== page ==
HH: Right! And I mean computer music has been going on here for a long time, it's not that alien to folks here, at the academy.
What was the actual process of learning to code to make music like? Did it require a big cognitive shift in your way of thinking about making music, compared to playing an acoustic instrument?
HH: Yeah, my learning curve was actually very steep at Mills, but the environment there was incredibly supportive and conducive even for beginners. When I look back on my first performance using Max, it's pretty cringeworthy, but you know, we persisted. I take lessons once a week as well, just like you'd take [any other] lessons, but it's not like a lesson where you're performing, it's more a lesson where I'm working on a performance system or building a particular system. I think as with anything there's obviously a learning curve, but you can do really interesting things with really simple code, and that's when it gets really interesting - when you have a lot of young people empowered to create their own simple systems or complex systems and make something out of it.
And some really interesting technological developments are happening that are making it more accessible, things like Codecademy, which is online coding classes, or also just as simple as Ableton Live releasing Max for Live. I think that's massive, I use that myself. Just for people to be able to open up a reverb and see how it's built is huge, instead of just using it as a plug-in. Your more curious types are going to get in there and start rewiring things, and I think that's really exciting.
Did coding and working with laptops make you start becoming interested in exploring ideas of human embodiment in digital music? Or had you been thinking about these themes before you started working specifically with a laptop and programming?
HH: I think it all came out of the same period. I'm not sure what necessarily the exact impetus was, but it definitely came about when I was at Mills. That's what I wrote my Masters thesis on, embodied electronic music performance. It was a conversation that was in the ether that people were bringing up a lot, and people felt very passionately about the topic there. I wanted to have my own take on it, and the voice was a pretty obvious choice for me - not only because I have so much experience with it, having been deeply involved with choir for my whole life, but it was just this obvious - almost too obvious - way of bringing the human body into this conversation. Because it's not abstracted at that point.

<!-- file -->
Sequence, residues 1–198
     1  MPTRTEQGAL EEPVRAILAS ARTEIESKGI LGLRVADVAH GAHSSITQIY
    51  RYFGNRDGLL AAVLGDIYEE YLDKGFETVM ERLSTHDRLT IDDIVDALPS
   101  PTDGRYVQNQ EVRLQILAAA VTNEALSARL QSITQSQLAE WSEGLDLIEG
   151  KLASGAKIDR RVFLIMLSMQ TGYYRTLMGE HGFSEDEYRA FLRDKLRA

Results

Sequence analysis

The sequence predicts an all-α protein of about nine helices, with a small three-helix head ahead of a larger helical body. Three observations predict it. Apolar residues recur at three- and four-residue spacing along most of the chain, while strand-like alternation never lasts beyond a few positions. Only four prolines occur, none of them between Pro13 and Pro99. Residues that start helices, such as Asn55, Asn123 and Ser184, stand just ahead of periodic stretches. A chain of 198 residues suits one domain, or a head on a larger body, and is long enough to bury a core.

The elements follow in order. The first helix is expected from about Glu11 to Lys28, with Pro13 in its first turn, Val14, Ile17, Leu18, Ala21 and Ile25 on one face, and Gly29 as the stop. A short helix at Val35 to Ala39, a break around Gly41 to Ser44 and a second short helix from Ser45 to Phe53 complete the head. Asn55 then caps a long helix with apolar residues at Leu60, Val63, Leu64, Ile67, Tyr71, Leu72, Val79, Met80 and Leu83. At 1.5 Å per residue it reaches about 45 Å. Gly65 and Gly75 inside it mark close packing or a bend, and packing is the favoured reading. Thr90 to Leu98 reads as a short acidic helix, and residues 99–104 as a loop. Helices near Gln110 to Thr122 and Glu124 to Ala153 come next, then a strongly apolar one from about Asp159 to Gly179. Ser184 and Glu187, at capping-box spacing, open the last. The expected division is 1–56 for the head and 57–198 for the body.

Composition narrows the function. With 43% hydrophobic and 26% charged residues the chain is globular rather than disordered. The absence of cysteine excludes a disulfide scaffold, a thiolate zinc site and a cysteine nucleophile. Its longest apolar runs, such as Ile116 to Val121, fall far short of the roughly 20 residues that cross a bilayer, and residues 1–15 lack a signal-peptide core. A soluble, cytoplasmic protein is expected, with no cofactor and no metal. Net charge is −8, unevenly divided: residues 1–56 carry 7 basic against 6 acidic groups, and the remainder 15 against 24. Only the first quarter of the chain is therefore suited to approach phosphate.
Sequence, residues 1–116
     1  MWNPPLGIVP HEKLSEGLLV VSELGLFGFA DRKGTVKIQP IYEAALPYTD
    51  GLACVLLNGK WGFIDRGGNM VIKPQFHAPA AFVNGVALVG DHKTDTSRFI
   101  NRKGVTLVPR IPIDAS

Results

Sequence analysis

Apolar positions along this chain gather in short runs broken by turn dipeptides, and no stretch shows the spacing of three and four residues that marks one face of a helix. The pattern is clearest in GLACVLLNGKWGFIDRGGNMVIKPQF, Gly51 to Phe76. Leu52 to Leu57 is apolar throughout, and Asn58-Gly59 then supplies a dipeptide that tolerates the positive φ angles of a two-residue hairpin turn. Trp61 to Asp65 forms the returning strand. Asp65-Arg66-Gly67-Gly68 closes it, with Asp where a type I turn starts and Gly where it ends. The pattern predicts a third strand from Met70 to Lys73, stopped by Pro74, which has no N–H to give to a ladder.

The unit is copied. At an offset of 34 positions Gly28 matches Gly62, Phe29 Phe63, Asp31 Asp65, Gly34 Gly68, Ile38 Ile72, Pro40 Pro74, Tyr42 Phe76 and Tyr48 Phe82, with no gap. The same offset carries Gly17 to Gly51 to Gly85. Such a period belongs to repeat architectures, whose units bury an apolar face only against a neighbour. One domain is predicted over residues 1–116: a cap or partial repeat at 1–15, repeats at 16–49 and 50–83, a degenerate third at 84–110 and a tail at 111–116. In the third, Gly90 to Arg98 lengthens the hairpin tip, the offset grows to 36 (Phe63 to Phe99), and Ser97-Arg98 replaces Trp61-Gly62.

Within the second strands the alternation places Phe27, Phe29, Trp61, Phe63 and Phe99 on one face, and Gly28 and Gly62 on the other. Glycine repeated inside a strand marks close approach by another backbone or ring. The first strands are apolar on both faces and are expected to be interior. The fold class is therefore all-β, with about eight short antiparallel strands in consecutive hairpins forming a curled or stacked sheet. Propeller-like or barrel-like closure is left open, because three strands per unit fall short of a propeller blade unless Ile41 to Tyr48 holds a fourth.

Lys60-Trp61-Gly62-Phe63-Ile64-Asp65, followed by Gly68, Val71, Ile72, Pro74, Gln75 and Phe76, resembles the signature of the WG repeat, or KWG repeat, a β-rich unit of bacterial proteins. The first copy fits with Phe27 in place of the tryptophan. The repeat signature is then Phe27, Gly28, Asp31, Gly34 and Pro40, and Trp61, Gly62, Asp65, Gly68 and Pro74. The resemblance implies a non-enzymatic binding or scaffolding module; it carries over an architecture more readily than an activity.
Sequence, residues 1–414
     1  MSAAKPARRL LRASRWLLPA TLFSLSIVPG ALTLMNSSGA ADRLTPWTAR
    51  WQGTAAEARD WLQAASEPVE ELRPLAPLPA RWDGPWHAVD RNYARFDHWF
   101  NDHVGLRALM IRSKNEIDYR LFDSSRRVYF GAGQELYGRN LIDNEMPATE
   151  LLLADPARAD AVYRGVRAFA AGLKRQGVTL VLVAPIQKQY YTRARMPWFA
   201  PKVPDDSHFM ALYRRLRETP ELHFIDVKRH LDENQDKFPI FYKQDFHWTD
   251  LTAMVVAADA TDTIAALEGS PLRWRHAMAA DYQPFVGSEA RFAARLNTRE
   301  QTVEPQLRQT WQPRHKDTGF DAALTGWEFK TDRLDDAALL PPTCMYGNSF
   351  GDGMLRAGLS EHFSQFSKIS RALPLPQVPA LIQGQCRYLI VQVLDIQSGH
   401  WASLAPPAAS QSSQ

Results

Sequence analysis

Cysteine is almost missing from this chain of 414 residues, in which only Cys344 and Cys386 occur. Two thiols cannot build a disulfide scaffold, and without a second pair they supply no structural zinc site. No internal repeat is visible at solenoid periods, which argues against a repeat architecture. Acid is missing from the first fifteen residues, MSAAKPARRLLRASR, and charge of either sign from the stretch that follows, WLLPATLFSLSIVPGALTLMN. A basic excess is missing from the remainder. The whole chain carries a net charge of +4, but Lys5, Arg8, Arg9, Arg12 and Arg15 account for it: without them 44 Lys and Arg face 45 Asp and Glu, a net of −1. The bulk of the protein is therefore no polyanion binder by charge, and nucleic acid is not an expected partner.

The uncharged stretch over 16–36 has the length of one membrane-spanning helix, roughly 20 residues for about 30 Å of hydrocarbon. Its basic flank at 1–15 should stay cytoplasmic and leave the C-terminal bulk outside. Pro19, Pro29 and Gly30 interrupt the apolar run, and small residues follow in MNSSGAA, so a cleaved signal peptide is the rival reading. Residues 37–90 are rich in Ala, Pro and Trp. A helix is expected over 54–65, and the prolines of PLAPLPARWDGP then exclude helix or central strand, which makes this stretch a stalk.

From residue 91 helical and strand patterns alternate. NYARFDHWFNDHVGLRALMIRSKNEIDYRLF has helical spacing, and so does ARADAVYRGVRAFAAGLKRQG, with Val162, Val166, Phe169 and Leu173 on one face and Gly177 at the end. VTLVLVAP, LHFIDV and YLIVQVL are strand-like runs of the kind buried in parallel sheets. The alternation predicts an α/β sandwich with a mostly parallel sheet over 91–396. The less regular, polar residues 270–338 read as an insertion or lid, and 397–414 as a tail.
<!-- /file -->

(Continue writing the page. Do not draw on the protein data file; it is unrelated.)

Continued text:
You can tell it's a person behind the sheen of electronics.
HH: Exactly. So that's why I started working with it, and I wrote a piece there for my thesis that was for vocal ensemble and processing. That's something I really want to pick up and do some more of, now that I have some resources to do that kind of thing. I would love to write for a large-scale choir with processing, that's something that I want to do in the next couple of years.
There's a video online of you doing a piece with a vocal ensemble, is the one you're referring to?
HH: Yeah, '195', a piece I did for the Masters concert. That was a lot of fun, that was the very beginnings of me starting to work with this stuff. So when I look back on it I still think that some of the writing is very interesting, but a lot of the use of electronics comes across to me as a little underdeveloped. So I would love to take that piece and rework it and extend it.
It's interesting with an ensemble - you get to this point where you're starting to blur the lines between the identities of the different performers. That must be a really interesting aspect of it. If you've got five people singing but you're processing them all, you can meld them together or change individual characteristics.
HH: Yeah you can, and you can expand them. There's a part [in that piece] where the two sopranos are whispering a little bit, and in the concert hall I thought it was pretty effective, because you can barely see them speaking into the microphone, but you could hear someone whispering behind you. Because it's a concert hall you automatically assume it's someone behind you talking or being rude. So there was this moment when people in the audience were turning around and giving the people behind them an evil look [laughs] before they figured out that it was the vocalists. So that's making the vocalists superhuman, the vocalist is whispering behind your ear in a way that obviously can't physically happen. I'm really interested in that kind of stuff too, that portion kind of reminds me of the collaboration [I did] with Reza Negarestani and Matt Dryhurst.